Pens win the cup

Back-to-Back: Pittsburgh Penguins win Game 7 in 2OT to return to Stanley Cup Final

No team has won back-to-back titles since the ’90s. The Pens have another shot at it starting Monday.

NHL: Stanley Cup Playoffs-Ottawa Senators at Pittsburgh Penguins
Charles LeClaire-USA TODAY Sports
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Pittsburgh had never won a Game 7 at home after losing Game 6. It took two overtimes, but the Pens bucked the trend and are headed back to the Stanley Cup final to face the Nashville Predators.

Chris Kunitz scored the game-winning goal at the 14:51 mark of the second OT to send the Penguins back for the second year in a row. It was a fluttering shot, but one Pittsburgh will remember for years to come.

Matt Murray made 27 saves on his 23rd birthday as the Penguins outshot the Senators 42-29 in Game 7. Pittsburgh got two goals from Kunitz and one from Justin Schultz to take the series, win the conference, overcome all their injuries and return to host the Stanley Cup yet again.

“I thought we deserved this one,” Murray said to Pierre McGuire after the game on NBCSN. “It took us a lot longer than we figured to get it done, but we deserved this one all the way through. We were the better team all series long, and we got it done.”

Pittsburgh is the only team in the last 15 years to make back-to-back finals, winning the Cup in 2009, a year after making the final. Going to back-to-back finals is rare in the last two decades. Dallas won the cup in 1999 and made the final in 2000, losing to the New Jersey Devils. The Devils then made the final again in 2001, losing to Colorado.

The last team to win back-to-back Stanley Cups was the Detroit Red Wings in 1997 and 1998.

The last time the Pens won back-to-back Cups was 1991 and 1992 — deep in the Lemieux era — which ended a run of teams winning consecutive Cups in regular fashion. From 1973 through 1992 there were just seven teams to win championships — Pittsburgh, Edmonton, Calgary, Montreal, New York Islanders, Montreal and Philly — and only the Flames failed to win back-to-back Cups at least once.

After the Flyers won in ’74 and ’75, Montreal won four times in a row, followed by four titles for the Islanders, then four in five years from Edmonton — with another Montreal win in the middle — then Calgary, Edmonton again in 1990, and then the Pens twice.

“You just think of it is a great opportunity,” Pens captain Sidney Crosby said after the game, via NBCSN. “We don’t really look at it as back-to-back. There’s different guys here, but this is what you work hard for all year to give yourself a chance to play. This situation, it’s not something that happens very often, so it’s a great opportunity for us.”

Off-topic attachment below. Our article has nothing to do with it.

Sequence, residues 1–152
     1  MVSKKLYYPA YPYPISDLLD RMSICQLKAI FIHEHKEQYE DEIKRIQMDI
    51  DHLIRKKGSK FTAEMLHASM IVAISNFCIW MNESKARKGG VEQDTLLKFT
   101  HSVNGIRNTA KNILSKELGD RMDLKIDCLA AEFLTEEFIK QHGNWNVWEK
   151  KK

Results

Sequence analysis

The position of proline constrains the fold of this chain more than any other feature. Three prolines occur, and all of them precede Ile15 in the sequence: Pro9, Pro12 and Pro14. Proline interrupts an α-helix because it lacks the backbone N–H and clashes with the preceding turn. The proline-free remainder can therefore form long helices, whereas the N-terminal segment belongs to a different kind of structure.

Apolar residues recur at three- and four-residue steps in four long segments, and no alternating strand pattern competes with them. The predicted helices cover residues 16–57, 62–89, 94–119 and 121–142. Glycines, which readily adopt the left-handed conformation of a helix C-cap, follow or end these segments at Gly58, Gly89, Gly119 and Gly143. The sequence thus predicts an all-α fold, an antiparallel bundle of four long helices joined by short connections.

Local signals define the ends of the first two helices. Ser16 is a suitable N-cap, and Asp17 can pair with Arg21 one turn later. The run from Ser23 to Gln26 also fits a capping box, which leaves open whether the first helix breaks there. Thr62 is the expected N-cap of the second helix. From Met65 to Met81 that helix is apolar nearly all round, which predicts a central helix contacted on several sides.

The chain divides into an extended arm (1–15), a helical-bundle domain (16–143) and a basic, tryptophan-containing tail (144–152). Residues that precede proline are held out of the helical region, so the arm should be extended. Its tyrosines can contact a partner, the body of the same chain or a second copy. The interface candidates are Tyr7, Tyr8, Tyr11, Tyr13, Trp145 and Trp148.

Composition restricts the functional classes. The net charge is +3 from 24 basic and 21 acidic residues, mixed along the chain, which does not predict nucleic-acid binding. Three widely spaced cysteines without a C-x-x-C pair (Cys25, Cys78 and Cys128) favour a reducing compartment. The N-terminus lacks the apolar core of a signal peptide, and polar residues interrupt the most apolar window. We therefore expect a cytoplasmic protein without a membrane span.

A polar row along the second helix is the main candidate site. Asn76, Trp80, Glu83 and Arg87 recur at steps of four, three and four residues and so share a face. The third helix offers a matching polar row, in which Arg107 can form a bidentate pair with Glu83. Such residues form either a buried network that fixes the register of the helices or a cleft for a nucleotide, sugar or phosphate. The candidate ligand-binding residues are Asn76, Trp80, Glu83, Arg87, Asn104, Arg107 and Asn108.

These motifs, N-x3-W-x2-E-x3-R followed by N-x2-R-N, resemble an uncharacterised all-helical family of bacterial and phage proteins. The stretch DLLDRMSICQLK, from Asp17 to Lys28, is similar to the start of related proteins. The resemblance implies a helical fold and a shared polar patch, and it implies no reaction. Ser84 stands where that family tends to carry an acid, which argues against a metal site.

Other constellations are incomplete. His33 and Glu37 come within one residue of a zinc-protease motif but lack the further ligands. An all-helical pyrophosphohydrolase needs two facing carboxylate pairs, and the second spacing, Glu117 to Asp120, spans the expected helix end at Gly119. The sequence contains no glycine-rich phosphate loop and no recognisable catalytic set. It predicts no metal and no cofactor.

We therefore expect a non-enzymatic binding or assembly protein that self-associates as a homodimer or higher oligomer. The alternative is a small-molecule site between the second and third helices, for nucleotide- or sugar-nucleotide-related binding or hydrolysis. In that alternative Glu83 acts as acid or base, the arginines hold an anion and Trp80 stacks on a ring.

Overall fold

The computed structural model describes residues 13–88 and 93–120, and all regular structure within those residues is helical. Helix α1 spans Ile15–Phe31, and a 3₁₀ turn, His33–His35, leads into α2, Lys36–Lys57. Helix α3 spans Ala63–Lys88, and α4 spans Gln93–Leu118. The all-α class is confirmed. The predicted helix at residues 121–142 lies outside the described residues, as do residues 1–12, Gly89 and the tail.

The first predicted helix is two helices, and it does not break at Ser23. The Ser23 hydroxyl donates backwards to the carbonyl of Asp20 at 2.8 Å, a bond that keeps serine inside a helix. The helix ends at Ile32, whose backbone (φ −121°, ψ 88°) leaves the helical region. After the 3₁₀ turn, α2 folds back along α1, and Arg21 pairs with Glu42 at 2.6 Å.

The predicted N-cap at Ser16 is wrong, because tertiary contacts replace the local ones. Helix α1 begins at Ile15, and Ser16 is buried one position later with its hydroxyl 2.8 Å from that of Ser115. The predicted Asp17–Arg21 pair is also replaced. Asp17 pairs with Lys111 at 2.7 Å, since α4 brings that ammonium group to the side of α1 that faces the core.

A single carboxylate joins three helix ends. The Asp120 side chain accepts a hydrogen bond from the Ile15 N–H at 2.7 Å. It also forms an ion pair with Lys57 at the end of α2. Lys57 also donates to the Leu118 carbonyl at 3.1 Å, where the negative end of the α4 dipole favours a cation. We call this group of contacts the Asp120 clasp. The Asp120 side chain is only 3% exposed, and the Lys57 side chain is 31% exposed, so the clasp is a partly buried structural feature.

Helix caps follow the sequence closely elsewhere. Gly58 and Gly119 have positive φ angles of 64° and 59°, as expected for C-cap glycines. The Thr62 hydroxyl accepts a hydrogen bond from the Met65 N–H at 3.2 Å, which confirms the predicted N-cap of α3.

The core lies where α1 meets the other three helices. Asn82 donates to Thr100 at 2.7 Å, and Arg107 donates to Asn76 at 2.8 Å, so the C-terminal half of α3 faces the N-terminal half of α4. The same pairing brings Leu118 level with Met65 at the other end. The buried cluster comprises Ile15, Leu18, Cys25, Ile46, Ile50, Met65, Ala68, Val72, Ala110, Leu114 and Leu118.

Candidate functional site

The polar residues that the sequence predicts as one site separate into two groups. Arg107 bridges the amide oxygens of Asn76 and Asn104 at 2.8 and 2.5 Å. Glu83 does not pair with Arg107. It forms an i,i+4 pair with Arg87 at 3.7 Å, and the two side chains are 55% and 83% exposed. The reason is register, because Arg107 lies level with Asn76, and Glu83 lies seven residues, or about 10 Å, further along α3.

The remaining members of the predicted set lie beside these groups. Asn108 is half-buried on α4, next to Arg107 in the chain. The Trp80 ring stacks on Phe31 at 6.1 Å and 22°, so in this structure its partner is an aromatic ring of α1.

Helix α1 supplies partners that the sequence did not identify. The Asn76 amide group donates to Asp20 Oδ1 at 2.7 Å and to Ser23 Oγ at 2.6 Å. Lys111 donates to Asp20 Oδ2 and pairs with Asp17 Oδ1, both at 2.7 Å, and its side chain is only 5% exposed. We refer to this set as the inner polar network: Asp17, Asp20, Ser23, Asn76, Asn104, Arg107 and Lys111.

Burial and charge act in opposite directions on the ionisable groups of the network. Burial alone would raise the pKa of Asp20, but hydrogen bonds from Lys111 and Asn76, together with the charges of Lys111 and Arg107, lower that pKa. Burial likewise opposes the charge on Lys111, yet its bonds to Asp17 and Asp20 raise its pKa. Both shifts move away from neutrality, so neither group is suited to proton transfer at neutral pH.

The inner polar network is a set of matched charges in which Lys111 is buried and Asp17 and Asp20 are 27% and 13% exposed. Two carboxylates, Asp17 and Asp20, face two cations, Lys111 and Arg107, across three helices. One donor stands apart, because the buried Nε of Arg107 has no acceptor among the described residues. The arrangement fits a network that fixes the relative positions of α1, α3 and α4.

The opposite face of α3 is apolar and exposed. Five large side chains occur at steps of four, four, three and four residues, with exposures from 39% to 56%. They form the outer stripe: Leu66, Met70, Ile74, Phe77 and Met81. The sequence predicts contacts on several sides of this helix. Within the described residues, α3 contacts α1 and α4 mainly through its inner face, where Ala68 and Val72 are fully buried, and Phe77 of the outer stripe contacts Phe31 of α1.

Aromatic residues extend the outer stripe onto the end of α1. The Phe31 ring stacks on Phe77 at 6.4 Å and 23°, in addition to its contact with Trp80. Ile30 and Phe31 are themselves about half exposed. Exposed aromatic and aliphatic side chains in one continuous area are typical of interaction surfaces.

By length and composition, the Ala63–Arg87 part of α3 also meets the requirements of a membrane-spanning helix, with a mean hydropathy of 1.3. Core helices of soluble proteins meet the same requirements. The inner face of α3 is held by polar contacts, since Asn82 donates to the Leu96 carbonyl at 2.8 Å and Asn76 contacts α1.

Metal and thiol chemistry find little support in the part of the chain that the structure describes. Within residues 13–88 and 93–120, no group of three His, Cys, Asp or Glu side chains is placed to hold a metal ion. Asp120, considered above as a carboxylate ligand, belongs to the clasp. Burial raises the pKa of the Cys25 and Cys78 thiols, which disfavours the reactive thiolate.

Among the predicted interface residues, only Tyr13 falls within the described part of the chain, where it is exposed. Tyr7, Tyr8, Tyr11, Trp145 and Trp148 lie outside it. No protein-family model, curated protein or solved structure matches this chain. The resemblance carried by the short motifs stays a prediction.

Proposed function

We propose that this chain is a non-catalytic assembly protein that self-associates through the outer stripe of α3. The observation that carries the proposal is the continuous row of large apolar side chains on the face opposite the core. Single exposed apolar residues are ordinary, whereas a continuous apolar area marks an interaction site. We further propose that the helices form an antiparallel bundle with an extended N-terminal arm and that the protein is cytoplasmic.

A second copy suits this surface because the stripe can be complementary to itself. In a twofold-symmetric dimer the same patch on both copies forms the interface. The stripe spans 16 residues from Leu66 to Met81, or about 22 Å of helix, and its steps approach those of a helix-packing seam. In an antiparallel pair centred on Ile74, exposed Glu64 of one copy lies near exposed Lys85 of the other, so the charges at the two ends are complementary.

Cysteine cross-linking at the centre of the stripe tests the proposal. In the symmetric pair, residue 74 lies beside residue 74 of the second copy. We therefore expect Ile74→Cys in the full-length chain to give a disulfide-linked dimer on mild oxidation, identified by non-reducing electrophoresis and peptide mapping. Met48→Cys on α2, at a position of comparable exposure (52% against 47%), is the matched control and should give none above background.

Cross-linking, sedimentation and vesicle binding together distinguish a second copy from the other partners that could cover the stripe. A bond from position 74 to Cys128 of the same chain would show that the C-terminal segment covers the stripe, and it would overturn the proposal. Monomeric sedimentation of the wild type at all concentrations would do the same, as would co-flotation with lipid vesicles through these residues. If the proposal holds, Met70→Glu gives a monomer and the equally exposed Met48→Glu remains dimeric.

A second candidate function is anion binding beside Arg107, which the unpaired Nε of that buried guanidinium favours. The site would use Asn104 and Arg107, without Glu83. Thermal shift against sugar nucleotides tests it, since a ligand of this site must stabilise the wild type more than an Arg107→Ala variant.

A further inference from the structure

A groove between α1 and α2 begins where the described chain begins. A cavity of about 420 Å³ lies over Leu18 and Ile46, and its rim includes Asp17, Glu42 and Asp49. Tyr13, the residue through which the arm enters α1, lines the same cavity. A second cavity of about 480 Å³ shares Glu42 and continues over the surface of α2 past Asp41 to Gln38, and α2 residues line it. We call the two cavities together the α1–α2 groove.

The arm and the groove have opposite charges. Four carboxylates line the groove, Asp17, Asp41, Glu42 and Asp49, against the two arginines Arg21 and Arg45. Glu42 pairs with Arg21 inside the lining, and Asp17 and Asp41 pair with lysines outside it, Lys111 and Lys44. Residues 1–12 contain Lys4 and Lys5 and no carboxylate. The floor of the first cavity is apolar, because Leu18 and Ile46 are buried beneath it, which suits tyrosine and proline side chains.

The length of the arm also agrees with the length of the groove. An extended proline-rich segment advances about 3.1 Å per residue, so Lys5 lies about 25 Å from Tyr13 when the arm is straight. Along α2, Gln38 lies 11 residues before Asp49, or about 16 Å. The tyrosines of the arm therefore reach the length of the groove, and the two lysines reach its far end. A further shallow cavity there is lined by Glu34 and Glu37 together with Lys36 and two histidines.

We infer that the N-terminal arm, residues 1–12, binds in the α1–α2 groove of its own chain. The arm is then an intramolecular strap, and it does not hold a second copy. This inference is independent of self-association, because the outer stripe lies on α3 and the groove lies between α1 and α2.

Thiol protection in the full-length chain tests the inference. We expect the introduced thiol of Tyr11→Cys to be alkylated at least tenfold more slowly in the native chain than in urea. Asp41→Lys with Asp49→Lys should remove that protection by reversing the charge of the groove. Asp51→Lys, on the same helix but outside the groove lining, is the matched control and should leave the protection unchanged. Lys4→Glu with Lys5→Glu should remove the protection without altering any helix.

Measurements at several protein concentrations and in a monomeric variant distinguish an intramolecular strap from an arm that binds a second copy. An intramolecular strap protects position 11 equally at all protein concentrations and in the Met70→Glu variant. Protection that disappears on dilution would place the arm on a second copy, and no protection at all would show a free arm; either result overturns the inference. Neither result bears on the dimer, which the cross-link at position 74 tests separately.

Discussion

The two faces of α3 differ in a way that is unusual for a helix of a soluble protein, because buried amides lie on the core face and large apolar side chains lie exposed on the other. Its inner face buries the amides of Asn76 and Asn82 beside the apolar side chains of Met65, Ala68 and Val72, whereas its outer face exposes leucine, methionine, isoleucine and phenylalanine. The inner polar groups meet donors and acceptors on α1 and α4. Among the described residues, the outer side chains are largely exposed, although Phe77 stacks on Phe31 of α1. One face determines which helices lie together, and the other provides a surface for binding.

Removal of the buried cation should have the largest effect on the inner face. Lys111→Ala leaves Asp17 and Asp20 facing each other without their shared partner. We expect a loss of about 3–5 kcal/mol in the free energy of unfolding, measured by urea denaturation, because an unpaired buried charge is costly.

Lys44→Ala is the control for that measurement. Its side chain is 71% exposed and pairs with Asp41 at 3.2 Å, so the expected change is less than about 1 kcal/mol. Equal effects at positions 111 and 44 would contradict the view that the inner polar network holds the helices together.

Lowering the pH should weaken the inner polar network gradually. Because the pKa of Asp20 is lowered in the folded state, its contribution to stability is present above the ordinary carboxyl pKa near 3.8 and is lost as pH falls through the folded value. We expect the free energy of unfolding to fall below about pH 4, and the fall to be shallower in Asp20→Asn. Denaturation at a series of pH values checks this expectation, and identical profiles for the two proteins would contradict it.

Crosby may not look at it as back-to-back, but with a core group that’s in the final for the second-straight year, it is. For the city, it surely is. For Crosby, back-to-back or not, it’s the fourth time he and Evgeni Malkin have taken the Pens to the Stanley Cup final, and it gives him a chance to be thought of in a class with the game’s all-time greats.

And it almost didn’t happen. Here’s how the marathon Game 7 went down.

The first period was super boring, which is exactly what the Senators wanted. Then, in period two, things started to get wild.

Two goals in 20 seconds turned a yawner into a barnburner, and things never let up the rest of the contest.

In the third period, the pace stayed electric. Justin Schultz, playing in his first game since Game 2 in this series, netted a blast to give the Penguins a late lead.

And yet, the Sens scored again, on a rebound by Ryan Dzingel who was inexplicably left wide open on the far post.

The Penguins had another golden chance to win it in regulation, but Malkin was unable to bury a sitter in front of the net.

And, so … overtime.

The Penguins outshot the Senators 8-2 in the first overtime, and it looked like Phil Kessel had won it, but the puck somehow flipped OVER the net before bouncing back out.

Penguins fans — tired, nervous, drunk, whatever — went nuts because one angle shown in the arena made it look like the puck actually went in the net. Terrible towels were thrown onto the ice. Boos were robustly yelled. Things got ugly. Alas, for once, the referees seemed to get a call right, and the teams headed to a second overtime; the first time since 1994 a conference final Game 7 went to double OT.

That’s where Kunitz became the unlikely hero. He hadn’t scored a goal in more than 30 games, but Mike Sullivan shifted his lines to get Crosby on the ice more, pairing him with Conor Sheary and Kunitz for the second half of the game. It paid huge dividends, as Kunitz lit the lamp twice, including once to end the night, and put the Penguins four wins away from another parade. Crosby, predictably, had the game-winning assist.

“It’s a good feeling to compete the way we did,” Crosby said after the game. “We ended up getting the lead a couple of times and within minutes it was back to a tie game. So that’s not easy, but we just stuck with it. We had a ton of chances.”

Game 1 of the Stanley Cup final is 8 p.m. Monday when the Pens host P.K. Subbing, Pekka Rinne and the Predators.